BC Ferries and the Vancouver Fraser Port Authority have launched a tutorial for mariners to build awareness of whale species and how to identify them. The tutorial also provides navigational strategies to reduce contact between ships and whales in B.C. waters. Due to the growing increase in population density and trade, marine waters are expected to get more congested in the future.
BC Ferries and the Vancouver Fraser Port Authority-led Enhancing Cetacean Habitat and Observation (ECHO) program, together with Ocean Wise, have developed the tutorial - Whales in our Waters.
The tutorial is open to the general public but has largely been aimed at mariners operating large vessels such as ferries, cargo ships or tugboats. Many whale species return to the Salish Sea to feed in the summer, so ECHO encourages people to view the tutorial in advance of those warmer months.
The Whales in our Waters tutorial covers a range of topics, including the need to protect local whale species, tips for identifying them and the best ways to navigate in their presence.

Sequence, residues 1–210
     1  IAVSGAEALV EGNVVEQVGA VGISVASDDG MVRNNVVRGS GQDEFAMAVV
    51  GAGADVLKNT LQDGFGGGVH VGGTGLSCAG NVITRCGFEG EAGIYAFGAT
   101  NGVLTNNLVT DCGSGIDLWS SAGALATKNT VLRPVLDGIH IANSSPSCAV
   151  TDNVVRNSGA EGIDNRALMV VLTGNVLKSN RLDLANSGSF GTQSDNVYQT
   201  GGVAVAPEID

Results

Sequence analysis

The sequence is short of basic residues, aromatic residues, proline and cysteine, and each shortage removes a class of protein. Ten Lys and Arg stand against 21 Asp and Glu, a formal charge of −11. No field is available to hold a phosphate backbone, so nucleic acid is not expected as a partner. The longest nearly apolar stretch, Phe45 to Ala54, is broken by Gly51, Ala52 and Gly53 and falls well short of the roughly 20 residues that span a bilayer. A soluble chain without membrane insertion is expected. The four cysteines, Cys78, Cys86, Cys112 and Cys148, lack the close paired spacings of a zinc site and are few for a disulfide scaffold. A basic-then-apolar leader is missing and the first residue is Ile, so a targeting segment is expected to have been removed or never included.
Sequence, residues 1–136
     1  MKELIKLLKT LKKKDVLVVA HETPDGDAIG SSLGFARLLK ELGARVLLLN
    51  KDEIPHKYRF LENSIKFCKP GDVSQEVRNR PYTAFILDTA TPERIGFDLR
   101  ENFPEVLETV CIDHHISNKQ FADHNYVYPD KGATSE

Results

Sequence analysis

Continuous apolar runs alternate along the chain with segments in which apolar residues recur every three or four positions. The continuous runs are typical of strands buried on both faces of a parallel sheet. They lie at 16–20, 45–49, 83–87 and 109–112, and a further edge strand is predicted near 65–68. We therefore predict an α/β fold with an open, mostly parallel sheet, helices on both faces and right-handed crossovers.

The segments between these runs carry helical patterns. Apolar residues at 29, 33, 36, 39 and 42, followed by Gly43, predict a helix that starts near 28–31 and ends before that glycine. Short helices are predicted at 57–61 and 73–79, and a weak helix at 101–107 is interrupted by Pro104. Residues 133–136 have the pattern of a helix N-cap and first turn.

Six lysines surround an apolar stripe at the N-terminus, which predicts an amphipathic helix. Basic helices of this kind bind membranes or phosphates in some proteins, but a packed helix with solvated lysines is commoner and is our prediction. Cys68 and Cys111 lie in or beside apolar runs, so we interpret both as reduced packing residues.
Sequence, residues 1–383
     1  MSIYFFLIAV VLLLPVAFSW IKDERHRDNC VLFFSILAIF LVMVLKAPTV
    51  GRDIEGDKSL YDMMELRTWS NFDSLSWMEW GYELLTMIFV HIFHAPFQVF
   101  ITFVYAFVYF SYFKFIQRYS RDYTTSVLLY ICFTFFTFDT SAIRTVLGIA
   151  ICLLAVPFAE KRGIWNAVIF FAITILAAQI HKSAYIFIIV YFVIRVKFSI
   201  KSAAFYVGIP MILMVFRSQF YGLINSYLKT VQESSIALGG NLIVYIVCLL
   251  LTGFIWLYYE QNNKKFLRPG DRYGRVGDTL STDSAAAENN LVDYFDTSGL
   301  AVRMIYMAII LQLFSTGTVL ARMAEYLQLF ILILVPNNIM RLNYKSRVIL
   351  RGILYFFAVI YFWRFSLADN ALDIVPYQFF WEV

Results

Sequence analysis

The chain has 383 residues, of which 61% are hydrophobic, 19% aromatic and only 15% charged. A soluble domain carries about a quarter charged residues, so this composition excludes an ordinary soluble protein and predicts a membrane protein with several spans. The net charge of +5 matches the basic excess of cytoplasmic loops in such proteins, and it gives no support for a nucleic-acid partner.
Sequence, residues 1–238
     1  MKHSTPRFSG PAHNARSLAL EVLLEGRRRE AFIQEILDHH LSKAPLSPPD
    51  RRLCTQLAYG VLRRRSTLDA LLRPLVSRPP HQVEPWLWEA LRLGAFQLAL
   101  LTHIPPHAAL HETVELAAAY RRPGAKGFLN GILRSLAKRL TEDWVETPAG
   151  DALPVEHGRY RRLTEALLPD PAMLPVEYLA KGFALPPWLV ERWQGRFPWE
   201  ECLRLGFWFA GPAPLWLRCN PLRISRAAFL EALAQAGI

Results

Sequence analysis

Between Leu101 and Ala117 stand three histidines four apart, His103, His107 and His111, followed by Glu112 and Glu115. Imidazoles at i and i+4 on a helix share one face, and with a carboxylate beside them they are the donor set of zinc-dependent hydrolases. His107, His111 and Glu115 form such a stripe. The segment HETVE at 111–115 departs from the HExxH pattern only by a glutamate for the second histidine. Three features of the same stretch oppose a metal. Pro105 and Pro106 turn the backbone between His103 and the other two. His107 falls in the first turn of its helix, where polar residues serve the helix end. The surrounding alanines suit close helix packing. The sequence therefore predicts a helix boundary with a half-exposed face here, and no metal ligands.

BC Ferries and Washington State Ferries use the tutorial in their crew training programs and have been pleased with the results.
“As professional mariners, we have the privilege of observing marine wildlife every day, and with that privilege comes a responsibility,” said Captain Jan Brockhausen, BC Ferries’ Marine Superintendent.
“Our presence in the great oceans need not impact any species’ ability to survive.”
Carrie Brown, director of environmental programs of the Vancouver Fraser Port Authority agrees.
“It’s just one more way we’re working to balance ship activity with the protection and recovery of at-risk whales in our region, through our ECHO Program.”
The Whales in our Waters tutorial and other links to guides about whales, dolphins and porpoises can be found at portvancouver.com/echo
Additional contributors to the tutorial include the National Oceanic and Atmospheric Administration (NOAA), Fisheries and Oceans Canada, Seaspan Marine, Seaspan Ferries, Marine Education and Research Society (MERS), Canadian Coast Guard and the Prince Rupert Port Authority.